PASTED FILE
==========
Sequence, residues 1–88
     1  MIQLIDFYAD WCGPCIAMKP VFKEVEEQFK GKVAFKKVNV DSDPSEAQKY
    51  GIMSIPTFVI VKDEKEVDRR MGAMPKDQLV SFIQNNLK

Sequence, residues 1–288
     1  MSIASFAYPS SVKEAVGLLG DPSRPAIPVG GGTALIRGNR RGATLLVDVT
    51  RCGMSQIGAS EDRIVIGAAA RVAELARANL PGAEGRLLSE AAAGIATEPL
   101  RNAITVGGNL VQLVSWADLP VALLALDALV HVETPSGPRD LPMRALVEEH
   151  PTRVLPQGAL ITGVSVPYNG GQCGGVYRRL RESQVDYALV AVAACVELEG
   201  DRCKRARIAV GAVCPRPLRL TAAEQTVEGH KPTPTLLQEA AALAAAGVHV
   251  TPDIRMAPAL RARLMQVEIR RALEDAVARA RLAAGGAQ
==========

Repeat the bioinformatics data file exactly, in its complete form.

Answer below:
Sequence, residues 1–88
     1  MIQLIDFYAD WCGPCIAMKP VFKEVEEQFK GKVAFKKVNV DSDPSEAQKY
    51  GIMSIPTFVI VKDEKEVDRR MGAMPKDQLV SFIQNNLK

Sequence, residues 1–288
     1  MSIASFAYPS SVKEAVGLLG DPSRPAIPVG GGTALIRGNR RGATLLVDVT
    51  RCGMSQIGAS EDRIVIGAAA RVAELARANL PGAEGRLLSE AAAGIATEPL
   101  RNAITVGGNL VQLVSWADLP VALLALDALV HVETPSGPRD LPMRALVEEH
   151  PTRVLPQGAL ITGVSVPYNG GQCGGVYRRL RESQVDYALV AVAACVELEG
   201  DRCKRARIAV GAVCPRPLRL TAAEQTVEGH KPTPTLLQEA AALAAAGVHV
   251  TPDIRMAPAL RARLMQVEIR RALEDAVARA RLAAGGAQ